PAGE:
Three varieties of Carp, the COMMON, the MIRROR and the LEATHER CARP all live in British still waters whether they are natural or man-made.
There are two distinctive types of the fully scaled common carp, the large, deep bodied fish, which originally came from a continental-bred stock, and a much slimmer, slightly built fish, which is known as a WILD CARP or “WILDIE”. The WILD CARP supposedly been derived from the carp introduced to Britain in the middle ages. The MIRROR has large scales along the lateral line, and the LEATHER CARP has no scales whatsoever.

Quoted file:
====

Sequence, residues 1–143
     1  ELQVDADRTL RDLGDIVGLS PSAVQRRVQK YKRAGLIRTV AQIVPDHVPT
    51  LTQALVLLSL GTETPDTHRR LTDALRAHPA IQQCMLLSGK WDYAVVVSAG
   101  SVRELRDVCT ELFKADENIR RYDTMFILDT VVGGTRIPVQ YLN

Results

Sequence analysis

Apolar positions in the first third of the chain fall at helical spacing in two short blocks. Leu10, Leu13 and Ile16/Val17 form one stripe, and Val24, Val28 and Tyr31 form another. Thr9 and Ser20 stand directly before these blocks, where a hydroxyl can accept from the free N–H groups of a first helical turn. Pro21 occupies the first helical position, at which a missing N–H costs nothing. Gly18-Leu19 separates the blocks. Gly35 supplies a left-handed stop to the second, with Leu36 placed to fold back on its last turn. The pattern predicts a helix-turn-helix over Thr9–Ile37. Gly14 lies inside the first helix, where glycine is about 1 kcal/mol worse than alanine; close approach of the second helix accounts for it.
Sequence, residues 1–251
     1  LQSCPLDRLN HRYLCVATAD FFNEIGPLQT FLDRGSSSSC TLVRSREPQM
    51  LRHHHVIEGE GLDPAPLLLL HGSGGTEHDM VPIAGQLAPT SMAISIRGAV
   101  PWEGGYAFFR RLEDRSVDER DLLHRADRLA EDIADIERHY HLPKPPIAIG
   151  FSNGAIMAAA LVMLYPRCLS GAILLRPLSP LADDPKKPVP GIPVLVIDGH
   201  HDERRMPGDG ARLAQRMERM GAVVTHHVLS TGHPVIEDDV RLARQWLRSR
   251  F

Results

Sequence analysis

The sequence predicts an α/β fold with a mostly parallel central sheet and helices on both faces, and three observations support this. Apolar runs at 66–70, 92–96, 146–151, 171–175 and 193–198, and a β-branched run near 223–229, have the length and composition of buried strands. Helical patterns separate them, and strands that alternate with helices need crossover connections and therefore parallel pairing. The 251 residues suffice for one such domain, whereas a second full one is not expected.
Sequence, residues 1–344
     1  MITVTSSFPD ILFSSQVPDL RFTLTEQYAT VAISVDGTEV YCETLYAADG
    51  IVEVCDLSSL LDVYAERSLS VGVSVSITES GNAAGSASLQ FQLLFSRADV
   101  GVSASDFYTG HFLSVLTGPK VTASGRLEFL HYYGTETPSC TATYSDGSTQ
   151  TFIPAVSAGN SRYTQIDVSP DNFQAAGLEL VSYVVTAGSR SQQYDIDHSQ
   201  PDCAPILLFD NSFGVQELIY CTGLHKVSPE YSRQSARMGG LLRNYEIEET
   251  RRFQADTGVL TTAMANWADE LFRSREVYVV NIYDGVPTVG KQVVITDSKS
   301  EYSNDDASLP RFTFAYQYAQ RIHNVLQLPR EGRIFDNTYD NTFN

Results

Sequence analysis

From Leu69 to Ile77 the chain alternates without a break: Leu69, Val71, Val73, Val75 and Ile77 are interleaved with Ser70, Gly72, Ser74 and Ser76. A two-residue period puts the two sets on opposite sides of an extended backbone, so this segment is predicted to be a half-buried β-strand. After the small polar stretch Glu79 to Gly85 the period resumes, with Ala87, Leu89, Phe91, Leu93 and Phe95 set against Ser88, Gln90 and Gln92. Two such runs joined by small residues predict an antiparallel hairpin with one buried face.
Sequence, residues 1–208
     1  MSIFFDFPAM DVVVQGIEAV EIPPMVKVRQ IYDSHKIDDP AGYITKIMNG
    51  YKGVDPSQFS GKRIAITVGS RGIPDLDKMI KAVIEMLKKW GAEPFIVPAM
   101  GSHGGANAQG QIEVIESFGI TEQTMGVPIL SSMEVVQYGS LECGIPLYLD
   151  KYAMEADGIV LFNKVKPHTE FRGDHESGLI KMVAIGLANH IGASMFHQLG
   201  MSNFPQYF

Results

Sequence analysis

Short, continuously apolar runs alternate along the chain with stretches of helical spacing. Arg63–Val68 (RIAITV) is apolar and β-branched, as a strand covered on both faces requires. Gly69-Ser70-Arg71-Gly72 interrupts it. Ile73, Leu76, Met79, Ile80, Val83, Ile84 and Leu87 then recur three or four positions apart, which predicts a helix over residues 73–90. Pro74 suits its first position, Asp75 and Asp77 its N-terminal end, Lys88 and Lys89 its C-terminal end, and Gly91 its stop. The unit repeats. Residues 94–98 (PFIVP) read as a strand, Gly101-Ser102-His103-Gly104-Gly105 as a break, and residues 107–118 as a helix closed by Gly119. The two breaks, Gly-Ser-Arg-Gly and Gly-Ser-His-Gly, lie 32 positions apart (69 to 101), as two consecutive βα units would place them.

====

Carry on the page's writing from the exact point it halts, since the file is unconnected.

The carp has four barbules, two from above the upper jaw, and one from each corner of the mouth. These are used for searching and feeling for food. They find much of their food, which consists of small invertebrates and vegetable matter in the soft muddy bottom, which the fish will sink into during the cold winter months.
During the summer, it would be fair to describe the carp as a surface feeder, as they are often seen feeding on flies and other foods from the surface. These fish are very acrobatic, seen jumping clear of the water during the summer.
The carp species can grow to over 50lbs or 22.8kg but to catch one in its twenties is a very good fish.